In a lot of cases achieving this goal can often be more time consuming and costly then the initial development of the website. Convincing Google that your website is the most relevant website to list when a certain search is performed can be a difficult task. In the short term, look at paid advertising systems such as Google AdWords. Monitor what keywords people are using to find your site and then use this information to perform keyword optimization. Depending on your market, it may be necessary to work with an SEO professional to improve your ranking on search engines.
It’s very important to find out on a weekly basis how many people visited your site and where they came from (i.e. Did they find you on a search engine? Where they referred from another site?).
There are a range of excellent reporting tools available on the internet. Google provide a free service called Google analytics which we use for our customers.
The technology used to create your site is important. Avoid websites heavily based on tables as this can slow the page load time down. Ask your developer if they use CSS or table based layout methods.
You website will need to be hosted in order for it to be always available on the internet. Most web developers will also offer a hosting service for a small annual fee.
Backup is also important when considering hosting and is not always provided as standard. Ask your web developer whether your website is backed up regularly or not.
The final thing to consider with hosting is the location of the hosting server. For example if your website is targeted at the Irish market, your website should be located in Ireland. Google and other search engines take this into consideration when returning results.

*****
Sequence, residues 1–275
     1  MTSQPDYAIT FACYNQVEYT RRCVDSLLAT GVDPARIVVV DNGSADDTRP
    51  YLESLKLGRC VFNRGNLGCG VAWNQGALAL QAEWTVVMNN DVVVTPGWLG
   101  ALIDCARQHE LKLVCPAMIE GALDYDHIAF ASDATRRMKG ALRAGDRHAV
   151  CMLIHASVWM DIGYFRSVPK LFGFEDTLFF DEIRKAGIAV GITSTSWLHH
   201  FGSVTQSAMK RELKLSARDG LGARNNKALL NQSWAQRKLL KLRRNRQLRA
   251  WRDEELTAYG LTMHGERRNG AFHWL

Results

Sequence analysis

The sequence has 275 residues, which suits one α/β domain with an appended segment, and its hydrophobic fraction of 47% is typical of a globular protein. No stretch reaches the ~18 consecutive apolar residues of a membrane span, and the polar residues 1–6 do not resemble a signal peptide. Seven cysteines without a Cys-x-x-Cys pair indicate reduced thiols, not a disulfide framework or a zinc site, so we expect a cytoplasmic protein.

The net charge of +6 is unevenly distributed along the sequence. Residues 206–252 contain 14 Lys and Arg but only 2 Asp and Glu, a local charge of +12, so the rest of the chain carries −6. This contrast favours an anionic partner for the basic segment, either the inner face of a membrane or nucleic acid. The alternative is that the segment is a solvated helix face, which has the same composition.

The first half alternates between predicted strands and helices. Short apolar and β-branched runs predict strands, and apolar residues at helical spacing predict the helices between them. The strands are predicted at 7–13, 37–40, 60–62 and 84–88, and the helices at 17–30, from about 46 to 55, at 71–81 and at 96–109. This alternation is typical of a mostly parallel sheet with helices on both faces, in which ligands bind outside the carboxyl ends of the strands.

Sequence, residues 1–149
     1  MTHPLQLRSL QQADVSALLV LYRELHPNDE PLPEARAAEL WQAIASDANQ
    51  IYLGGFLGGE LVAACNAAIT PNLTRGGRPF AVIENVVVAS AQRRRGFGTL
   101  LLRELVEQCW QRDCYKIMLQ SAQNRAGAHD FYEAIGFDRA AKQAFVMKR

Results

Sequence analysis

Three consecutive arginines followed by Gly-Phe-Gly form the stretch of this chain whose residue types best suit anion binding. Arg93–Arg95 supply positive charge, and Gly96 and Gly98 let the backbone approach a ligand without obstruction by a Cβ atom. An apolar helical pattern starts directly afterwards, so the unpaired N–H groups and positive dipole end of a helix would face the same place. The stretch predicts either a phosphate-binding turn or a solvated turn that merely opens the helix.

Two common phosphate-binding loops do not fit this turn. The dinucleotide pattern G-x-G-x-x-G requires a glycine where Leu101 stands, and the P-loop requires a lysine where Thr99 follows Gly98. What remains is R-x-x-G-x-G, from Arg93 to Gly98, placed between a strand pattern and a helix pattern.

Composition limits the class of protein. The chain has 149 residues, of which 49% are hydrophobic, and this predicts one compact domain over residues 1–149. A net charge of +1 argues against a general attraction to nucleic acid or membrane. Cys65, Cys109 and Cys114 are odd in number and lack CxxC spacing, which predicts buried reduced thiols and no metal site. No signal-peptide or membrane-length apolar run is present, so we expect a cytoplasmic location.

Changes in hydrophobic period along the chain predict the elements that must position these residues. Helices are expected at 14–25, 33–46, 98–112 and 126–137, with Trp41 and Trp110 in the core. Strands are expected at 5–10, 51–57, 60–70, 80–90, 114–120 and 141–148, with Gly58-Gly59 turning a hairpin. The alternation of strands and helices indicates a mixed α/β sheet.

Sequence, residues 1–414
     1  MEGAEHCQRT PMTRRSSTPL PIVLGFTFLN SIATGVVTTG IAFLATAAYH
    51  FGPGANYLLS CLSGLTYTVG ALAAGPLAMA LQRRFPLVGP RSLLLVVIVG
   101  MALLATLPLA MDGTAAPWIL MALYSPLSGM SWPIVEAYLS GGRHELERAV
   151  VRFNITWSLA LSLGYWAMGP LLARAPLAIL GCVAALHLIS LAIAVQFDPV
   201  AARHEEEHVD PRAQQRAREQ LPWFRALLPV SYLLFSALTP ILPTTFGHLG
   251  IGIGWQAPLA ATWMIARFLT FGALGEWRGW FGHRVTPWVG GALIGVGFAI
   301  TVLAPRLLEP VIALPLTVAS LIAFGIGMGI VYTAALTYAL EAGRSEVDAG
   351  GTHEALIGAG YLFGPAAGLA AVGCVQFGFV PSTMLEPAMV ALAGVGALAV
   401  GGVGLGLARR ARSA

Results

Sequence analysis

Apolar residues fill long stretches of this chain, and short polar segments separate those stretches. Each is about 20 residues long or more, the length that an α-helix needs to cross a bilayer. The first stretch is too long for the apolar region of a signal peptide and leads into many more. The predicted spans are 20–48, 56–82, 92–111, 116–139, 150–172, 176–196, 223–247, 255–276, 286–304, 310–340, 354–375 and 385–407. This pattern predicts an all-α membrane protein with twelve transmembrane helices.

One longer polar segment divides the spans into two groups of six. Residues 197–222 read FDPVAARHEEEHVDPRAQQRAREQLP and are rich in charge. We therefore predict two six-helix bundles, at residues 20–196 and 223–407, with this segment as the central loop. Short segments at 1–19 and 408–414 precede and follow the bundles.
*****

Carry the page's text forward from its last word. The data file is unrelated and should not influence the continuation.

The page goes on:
There are a lot of differences between the way certain web browsers display a web page. Internet explorer (the most common web browser) and Firefox (the second most common browser) can display the same web page very differently. Internet explorer 6 is notoriously difficult to work with at times and is gradually being no longer supported by the likes of Google.
Ask your web developer to ensure cross browser compatibility when developing your website.
10. Domain names
Your website will require a domain name e.g. yourcompany.com. This domain name will need to be registered in your business name and renewed each year, unless you purchase a number of years in advance.
If your business is based in Ireland, you can qualify for a .ie domain. These are slightly more expensive and you will need some proof of claim such as a registered business name.
Discuss this with your web developer, they will often look after this as part of the service.
The cost of a website should cover the following:
- Initial development of the website
- Training on any content management system used
- Ongoing updates and maintenance if necessary.
- Annual hosting
- Daily backups
- Domain name renewal.
We hope you find this guide useful, and remember, nothing is set in stone on a website, if you need to make changes the web site design should allow this without costing you the earth.